Figure 2: Macroscopic view of the dorsum of rats with incision induced wounds and their healing over the duration of 16 days

Click here to view
Table 6: Wound healing studies of formulated gel containing alcoholic extract of T. populnea leaves in comparison with marketed Soframycin gel.

Click here to view


Histopathology studies

[Figure 3] shows the histopathological images for H and E staining
Figure 3: Histopathology images of the tissues obtained by incision induced wounds from the Wistar rats (a) Normal architecture of the skin, (b) Control (non-treated group), (c) Treated with formulated gel containing T. populnea extract, (d) Treated with marketed Soframycin

Click here to view


(a) normal architecture of the skin, (b) wounds of control group, wounds treated with (c) gel containing T. populnea extract, (d) marketed Soframycin. [Figure 3]a dermis, epidermis, hair follicles, and sebaceous glands (as indicated by red arrow). [Figure 3]b indicates infiltration of inflammatory cells as shown by contrast spots (as indicated by red arrow). However, in case of gel containing T. populnea extracts, the reduction in inflammatory changes were observed (as indicated by red arrow) [Figure 3]c. Also, for marketed Soframycin, the reduction of inflammatory cells was observed and onset of proliferation was noticed with new connective and granulation tissue being formed (as indicated by red arrow). Furthermore, newly formed epithelial layer was also visible [Figure 3]d. Transition from the inflammatory to the proliferative phase is important in wound healing process.[23] The inflammatory phase leads to hemostasis and onset of innate immune system, which defends us against invading pathogens.[24] Extended inflammation is harmful as it causes excessive scarring.[25] Thus, reduced inflammation phase and early onset of proliferation arerequisite for proper and faster wound care management. The results obtained from the histopathology indicate that the gel formulation containing T. populnea extract enables reduction in inflammatory changes. Thus, early onset of proliferation is feasible and hence rapid wound healing. This is also in agreement with the wound healing studies [Figure 2] where the healing for wounds treated with the formulated gel containing T. populnea extract and marketed Soframycin was comparable.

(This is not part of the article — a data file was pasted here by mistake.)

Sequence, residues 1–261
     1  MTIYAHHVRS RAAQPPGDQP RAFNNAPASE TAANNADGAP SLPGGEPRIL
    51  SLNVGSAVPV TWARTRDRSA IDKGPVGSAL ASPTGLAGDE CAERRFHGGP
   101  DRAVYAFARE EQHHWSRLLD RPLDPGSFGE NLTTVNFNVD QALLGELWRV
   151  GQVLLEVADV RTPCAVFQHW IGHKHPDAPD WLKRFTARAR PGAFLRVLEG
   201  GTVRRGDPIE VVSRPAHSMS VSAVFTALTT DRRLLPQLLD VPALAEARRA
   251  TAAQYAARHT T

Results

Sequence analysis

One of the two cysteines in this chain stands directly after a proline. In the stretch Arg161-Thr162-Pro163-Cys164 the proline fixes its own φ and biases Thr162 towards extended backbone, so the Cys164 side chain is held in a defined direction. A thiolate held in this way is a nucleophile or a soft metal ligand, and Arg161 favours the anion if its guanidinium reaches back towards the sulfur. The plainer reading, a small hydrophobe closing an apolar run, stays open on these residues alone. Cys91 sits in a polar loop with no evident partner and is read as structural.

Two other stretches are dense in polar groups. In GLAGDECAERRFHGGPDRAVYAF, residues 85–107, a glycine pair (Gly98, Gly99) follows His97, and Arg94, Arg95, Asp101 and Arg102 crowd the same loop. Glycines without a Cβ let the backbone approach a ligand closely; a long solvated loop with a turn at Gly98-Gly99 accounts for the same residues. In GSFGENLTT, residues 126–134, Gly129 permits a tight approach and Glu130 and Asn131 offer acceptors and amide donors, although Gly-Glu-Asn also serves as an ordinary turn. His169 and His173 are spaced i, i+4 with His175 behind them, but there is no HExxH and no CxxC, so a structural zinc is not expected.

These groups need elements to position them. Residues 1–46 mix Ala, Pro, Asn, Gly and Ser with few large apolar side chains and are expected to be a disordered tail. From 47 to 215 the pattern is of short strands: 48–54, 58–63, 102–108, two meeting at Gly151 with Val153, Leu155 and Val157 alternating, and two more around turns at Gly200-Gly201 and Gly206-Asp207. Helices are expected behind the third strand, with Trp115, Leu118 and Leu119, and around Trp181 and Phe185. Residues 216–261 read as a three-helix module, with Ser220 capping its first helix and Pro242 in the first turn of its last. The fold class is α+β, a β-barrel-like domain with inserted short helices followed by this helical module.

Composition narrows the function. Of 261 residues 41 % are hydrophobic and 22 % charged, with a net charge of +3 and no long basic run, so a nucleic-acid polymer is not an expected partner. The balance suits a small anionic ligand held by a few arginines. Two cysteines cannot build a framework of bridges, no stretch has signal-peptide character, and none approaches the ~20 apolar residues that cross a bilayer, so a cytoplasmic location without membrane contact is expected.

Conclusion Top


Wound healing is a complex physiological process that occurs to restore skin integrity after injury. Wound care has always been an active area of research where several miraculous healing potentials of traditional plants has still been scientifically unanswered. Thus there is a need of revisiting traditionally used medicine and systematically review their scientific evidences. In this paper, we have focussed on gel preparation of T. populnea extract. T. populnea is a species of flowering plant belonging to the mallow family, Malvaceae, which is one of the traditionally used medicines. T. populnea extract was successfully isolated and characterized. Several metabolites were found to present in the alcoholic extract of T. populnea, i.e., saponins, tannins, and phenols. Furthermore, compositions of carbopol and propylene glycol were optimized via 32 factorial designs. Then, the carbopol (gelling agent) and propylene glycol (humectant) gel containing T. populnea extract was successfully prepared. The prepared gel containing T. populnea extract showed antibacterial activity against both E. coli and S. aureus. Finally, the in vivo wound healing study on the incision wound model revealed that the gel containing T. populnea extract healed the wound faster and healing was observed at the end of 16th day. Histopathology showed a reduction in inflammatory cells for both the wounds treated with a gel containing T. populnea extract and marketed Soframycin, respectively. The study confirms the ability of gel containing T. populnea extract to promote wound healing both qualitatively and quantitatively. It can be concluded that gel containing T. populnea extract is beneficial for topical wound management.